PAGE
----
Eric Groza—an executive creative director with a long career at advertising firms like Grey, TBWA, and McCann—thought generative AI was far away from becoming a real-world production tool until last November, when the new version of Midjourney launched. The tool’s ability to produce realistic images blew him away, so much so that he instantly found himself obsessed with it.
“I was doing late nights just seeing what could come out of the system,” he tells me over video chat from Dubai, where he’s working now. Groza quickly realized that he needed to incorporate AI into his creative arsenal, but it wasn’t clear how.
“I was seeing lots of trash, like Bart Simpson if he was a Teenage Ninja Turtle. It was fun but it had no practical application,” he recalls. “I wanted to create a skill set, not do party tricks.” Groza—who is a graphic designer by education and has spent years managing teams of copywriters, art directors, and designers—decided to treat the AI like he would any human creative team member. He would give the AI a brief.
First he needed a real project to work on. “I sat down and thought about something practical. I couldn’t do it on a current campaign because the client might have some reservations, but I could come up with a fictional but realistic project and see if the AI could take it from concept to reality.”
After brainstorming, he landed on the idea of an Ikea and Patagonia collaboration. “Ikea and Patagonia have a similar background,” he says. “They both make physical products, so there’s something that you can tangibly see and imagine, something that would be in the frame.” It seemed like a perfect opportunity to test Midjourney’s capabilities.
The early images were unusable horror pictures. Others looked fine at first, but upon closer inspection were bland and uninteresting. There was a missing ingredient in his process—the thing that would transform his boring images into something striking and novel. That’s when he realized that it all came down to how he worded the brief.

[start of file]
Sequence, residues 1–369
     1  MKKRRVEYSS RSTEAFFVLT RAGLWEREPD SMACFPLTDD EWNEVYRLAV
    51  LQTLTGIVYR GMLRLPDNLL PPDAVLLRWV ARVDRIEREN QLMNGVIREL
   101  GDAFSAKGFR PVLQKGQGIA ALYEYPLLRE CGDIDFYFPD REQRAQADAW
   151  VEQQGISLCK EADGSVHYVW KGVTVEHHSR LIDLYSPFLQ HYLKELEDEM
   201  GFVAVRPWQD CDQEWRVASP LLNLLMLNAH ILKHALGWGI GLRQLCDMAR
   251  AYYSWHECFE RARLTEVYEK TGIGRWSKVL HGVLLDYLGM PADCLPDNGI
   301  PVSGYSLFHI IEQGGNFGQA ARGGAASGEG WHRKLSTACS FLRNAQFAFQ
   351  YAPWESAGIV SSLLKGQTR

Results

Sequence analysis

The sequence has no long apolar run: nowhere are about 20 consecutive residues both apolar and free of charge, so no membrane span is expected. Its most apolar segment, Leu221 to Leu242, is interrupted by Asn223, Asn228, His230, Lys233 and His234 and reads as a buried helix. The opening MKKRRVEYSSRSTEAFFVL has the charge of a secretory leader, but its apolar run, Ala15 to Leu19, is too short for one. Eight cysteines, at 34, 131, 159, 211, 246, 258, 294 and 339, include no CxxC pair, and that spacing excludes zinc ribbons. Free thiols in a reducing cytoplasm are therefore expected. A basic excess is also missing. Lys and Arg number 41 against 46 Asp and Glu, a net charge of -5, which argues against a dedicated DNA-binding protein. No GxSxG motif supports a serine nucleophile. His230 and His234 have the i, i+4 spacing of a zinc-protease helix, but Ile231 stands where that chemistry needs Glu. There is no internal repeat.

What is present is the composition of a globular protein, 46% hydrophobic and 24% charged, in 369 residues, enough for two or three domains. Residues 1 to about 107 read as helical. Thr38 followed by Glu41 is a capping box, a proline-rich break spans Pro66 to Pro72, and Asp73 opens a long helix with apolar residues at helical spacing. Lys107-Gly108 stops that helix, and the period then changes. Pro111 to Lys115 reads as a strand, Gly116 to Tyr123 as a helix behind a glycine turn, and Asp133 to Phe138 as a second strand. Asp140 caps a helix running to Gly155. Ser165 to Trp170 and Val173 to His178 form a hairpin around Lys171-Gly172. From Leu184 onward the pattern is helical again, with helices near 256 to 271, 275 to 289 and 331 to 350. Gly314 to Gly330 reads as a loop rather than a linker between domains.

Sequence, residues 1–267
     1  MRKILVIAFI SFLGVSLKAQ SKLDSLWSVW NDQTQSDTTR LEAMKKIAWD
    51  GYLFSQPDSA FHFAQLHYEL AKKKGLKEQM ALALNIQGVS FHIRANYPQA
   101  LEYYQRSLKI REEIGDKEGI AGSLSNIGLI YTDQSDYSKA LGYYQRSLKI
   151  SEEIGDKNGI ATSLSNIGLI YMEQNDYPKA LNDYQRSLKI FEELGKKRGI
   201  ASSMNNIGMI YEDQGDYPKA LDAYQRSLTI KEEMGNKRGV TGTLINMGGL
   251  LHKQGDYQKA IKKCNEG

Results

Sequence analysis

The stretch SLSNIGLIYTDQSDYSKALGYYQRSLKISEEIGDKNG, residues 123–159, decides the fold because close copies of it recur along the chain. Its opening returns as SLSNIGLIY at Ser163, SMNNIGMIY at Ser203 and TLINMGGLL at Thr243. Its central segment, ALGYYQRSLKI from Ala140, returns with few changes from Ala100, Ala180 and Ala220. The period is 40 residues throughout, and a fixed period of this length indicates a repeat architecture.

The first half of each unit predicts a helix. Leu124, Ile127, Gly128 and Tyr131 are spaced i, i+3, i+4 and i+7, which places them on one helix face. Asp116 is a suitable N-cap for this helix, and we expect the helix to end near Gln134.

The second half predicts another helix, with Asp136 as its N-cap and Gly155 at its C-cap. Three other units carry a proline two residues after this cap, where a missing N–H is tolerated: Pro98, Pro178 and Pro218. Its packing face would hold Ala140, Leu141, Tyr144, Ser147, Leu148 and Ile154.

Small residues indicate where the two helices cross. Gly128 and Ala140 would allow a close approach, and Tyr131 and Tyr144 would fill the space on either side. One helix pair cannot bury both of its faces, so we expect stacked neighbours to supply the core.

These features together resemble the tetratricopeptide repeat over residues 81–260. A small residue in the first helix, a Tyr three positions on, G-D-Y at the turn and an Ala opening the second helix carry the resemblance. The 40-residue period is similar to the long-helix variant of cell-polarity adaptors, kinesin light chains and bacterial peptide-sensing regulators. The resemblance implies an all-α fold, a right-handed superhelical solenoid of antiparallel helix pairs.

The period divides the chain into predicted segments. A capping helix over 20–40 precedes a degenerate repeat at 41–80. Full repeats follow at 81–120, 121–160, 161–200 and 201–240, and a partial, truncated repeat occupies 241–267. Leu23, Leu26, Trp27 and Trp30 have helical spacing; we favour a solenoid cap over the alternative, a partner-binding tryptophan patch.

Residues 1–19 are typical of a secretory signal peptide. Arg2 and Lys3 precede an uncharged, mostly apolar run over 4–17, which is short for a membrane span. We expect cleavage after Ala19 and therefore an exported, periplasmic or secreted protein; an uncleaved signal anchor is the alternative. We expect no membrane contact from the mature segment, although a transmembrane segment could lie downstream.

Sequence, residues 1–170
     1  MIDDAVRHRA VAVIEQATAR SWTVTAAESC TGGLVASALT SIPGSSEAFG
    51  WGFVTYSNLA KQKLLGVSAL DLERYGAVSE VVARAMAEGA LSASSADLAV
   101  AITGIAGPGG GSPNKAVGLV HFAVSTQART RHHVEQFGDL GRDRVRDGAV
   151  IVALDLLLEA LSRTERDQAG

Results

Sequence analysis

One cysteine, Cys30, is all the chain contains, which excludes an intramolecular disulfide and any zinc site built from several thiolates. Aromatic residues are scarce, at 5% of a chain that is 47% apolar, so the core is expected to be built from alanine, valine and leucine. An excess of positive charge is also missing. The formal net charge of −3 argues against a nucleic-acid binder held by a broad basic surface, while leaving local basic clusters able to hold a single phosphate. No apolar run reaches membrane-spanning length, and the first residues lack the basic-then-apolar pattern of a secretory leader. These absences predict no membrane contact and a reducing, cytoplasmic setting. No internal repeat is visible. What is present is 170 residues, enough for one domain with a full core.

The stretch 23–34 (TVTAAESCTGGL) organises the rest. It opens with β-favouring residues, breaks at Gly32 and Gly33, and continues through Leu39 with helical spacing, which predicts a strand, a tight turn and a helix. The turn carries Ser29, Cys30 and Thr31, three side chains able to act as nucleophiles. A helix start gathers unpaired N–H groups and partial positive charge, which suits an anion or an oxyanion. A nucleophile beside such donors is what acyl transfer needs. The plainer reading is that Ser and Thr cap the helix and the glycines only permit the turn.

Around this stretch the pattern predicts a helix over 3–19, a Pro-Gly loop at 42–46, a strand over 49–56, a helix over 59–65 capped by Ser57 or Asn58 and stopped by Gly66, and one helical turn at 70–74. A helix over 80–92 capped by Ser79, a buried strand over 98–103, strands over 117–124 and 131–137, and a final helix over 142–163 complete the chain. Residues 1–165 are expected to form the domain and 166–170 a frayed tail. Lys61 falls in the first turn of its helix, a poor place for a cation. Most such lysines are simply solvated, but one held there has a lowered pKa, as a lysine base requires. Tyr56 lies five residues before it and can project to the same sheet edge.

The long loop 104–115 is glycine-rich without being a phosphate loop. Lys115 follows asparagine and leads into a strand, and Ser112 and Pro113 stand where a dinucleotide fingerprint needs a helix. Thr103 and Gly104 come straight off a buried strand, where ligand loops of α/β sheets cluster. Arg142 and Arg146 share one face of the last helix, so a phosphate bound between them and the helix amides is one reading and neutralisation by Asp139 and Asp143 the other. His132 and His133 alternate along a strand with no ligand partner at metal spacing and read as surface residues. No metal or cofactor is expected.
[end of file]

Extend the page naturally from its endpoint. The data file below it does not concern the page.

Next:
As anyone in any creative industry knows, good briefs are hard to come by. “In my experience as a creative director, what you get back from designers is quite random unless you’re very specific,” he says. Soon Groza was feeding the machine tighter concepts.
“I talked about a lamp that I wanted to be geometric or maybe that could fold together,” he says. “I talked about what a sofa would look like if it was made for outdoor use but lightweight enough that it could be easily brought indoors, you know?” In that breakthrough moment, interesting stuff started to materialize in front of him.
That’s not to say every image came out as planned. Of the 200 images he generated for the collab experiment, he ended up using only about 10. Still, the process was creatively enriching, uncovering brand associations and visual ideas that he says he would never have come up with on his own. And the AI did it quickly. “In a real-world setting, working with a human team, we’re talking about months compressed to a couple of days to get the output you can see here,” he says.
Groza has gone on to create other brand collaborations between the likes of Burberry and British Airways. “When you get into luxury marketing, there’s a lot more sensitivity as far as style goes. It really needs to look on-brand,” he says.
The viral images have sparked anger from some creatives, who worry tools like Midjourney will render their skills obsolete. Others appreciate the collaborative effort between human and machine. Regardless, it’s clear that with a tight brief—and a good eye—AI will likely become a reliable collaborator for creatives in the near future. The biggest vote of confidence? Executives at Ikea reached out to express their interest.
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